The Facebook Deal That Should Get More Attention

6 mins read
The Facebook Deal That Should Get More Attention

When it comes to acquisitions, Facebook (NASDAQ:FB) has been fairly consistent – that is, a focus on consumer apps. Even though there have been some bad deals over the years, the strategy has mostly been a winner. The fact is that the Facebook stock performance would have been much less robust if there had not been deals for properties like Instagram and WhatsApp. They have been game changers.

Source: Chinnapong / Shutterstock.com

Yet there is a recent deal that shows a change in the strategy. In November, Facebook agreed to shell out over $1 billion for Kustomer, which is a developer of customer relationship software for businesses.  Yes, it’s a play for the enterprise market.

Keep in mind that the deal did not get much buzz – but it should have. Kustomer has the potential for bolstering the Facebook platform but also provide for a recurring revenue stream.

So then, let’s take a deeper look at the acquisition and see how it could impact the Facebook stock performance.

Background

The founders of Kustomer — Brad Birnbaum and Jeremy Suriel – are veterans of Silicon Valley. They have created several companies, including Assistly, and have worked at Salesforce.com (NYSE:CRM).

In 2015, the founders saw an opportunity to build a new kind of customer support platform. It was based on the premise that there would be a megatrend of consumers using social and messaging channels to communicate directly with companies.

The Kustomer software centralizes the communications and provides analytics. The result is that it is much easier for companies to respond to customer needs. There are also built-in workflows to help automate the process, which can be tedious. Some of the customers include Ring, Rent The Runway, Away and Glossier.

The latest funding came in late 2019, when Kustomer raised $60 million in a Series E round from Coatue, Tiger Global Management and Battery Ventures. The total funding since inception was $173.5 million.

Kustomer + Facebook

Interestingly enough, Facebook is not the only social media operator that has made a move into enterprise software.  Just look at Snap (NYSE:SNAP).  The company recently acquired Voca.ai in November. The startup developer AI (Artificial Intelligence) bots for contact centers.

Now as for Facebook’s deal of Kustomer, it is likely not a play to create a CRM (Customer Relationship) system. Rather, the company will likely seen Salesforce and other companies in this market as partners. But Facebook could leverage Kustomer into a thriving SaaS (Software-as-a-Service) business. The platform could be a nice cross-sell to the existing large base of advertising customers.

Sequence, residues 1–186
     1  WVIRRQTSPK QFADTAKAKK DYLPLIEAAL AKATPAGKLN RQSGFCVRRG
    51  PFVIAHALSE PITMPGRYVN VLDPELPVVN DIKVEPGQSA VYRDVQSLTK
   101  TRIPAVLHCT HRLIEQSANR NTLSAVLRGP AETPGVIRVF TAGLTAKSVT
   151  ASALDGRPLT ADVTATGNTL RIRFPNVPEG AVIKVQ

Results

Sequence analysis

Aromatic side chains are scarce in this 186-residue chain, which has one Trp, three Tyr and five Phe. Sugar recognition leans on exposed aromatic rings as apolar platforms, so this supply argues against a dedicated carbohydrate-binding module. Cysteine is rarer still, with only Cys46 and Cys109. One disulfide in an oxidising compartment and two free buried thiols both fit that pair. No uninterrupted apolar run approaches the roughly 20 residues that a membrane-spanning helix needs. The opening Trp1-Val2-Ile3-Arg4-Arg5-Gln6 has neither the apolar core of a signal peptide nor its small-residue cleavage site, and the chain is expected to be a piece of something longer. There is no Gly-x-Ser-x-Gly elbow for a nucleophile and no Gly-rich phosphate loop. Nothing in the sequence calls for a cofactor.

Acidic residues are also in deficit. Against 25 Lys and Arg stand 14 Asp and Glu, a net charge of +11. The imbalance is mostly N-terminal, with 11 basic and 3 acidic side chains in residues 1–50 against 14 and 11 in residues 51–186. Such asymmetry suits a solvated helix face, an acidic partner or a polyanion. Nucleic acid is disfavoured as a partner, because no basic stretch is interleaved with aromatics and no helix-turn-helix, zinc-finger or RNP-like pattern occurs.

It’s also important to note that about 175 million Facebook members use social media and messaging to communicate with companies. This means that there will be advantages to leverage the data for AI and analytics, which should provide even more value for customers. In other words, Facebook has an opportunity to build a sizeable business.

According to a blog post from the company: “Facebook plans to support Kustomer’s operations by providing the resources it needs to scale its business, improve and innovate its product offering, and delight its customers. That way, more people will benefit from customer service that is faster, richer and available whenever and however they need it, whether it’s phone, email, web chat or messaging.”

Bottom Line On The Facebook Stock Performance

So all in all, the Kustomer acquisition makes a lot of sense. There may even be more acquisitions to bolster the business.  Although, the impact will take some time.

But in the meantime, the underlying core business for Facebook continues to be strong. And it looks like the new year should see continued growth. Facebook is the must-have for digital advertising.

The stock price is also at a reasonable 25 times forward earnings. Thus, when it comes to the bull case for Facebook stock, it still looks intact — and deals for companies like Kustomer are likely to bolster the long-term growth story.

On the date of publication, Tom Taulli did not have (either directly or indirectly) any positions in any of the securities mentioned in this article.

Tom Taulli (@ttaulli) is the author of various books on investing and technology, including Artificial Intelligence BasicsHigh-Profit IPO Strategies and All About Short Selling.  He is also the author of courses on topics like the Python language and COBOL